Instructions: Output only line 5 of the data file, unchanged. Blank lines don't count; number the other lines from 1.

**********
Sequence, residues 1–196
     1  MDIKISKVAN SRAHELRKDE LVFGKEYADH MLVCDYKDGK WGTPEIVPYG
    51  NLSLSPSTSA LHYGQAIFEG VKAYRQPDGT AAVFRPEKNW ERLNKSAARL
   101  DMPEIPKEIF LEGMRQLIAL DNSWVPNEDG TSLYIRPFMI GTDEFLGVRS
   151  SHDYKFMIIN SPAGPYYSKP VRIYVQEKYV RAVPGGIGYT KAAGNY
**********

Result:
   151  SHDYKFMIIN SPAGPYYSKP VRIYVQEKYV RAVPGGIGYT KAAGNY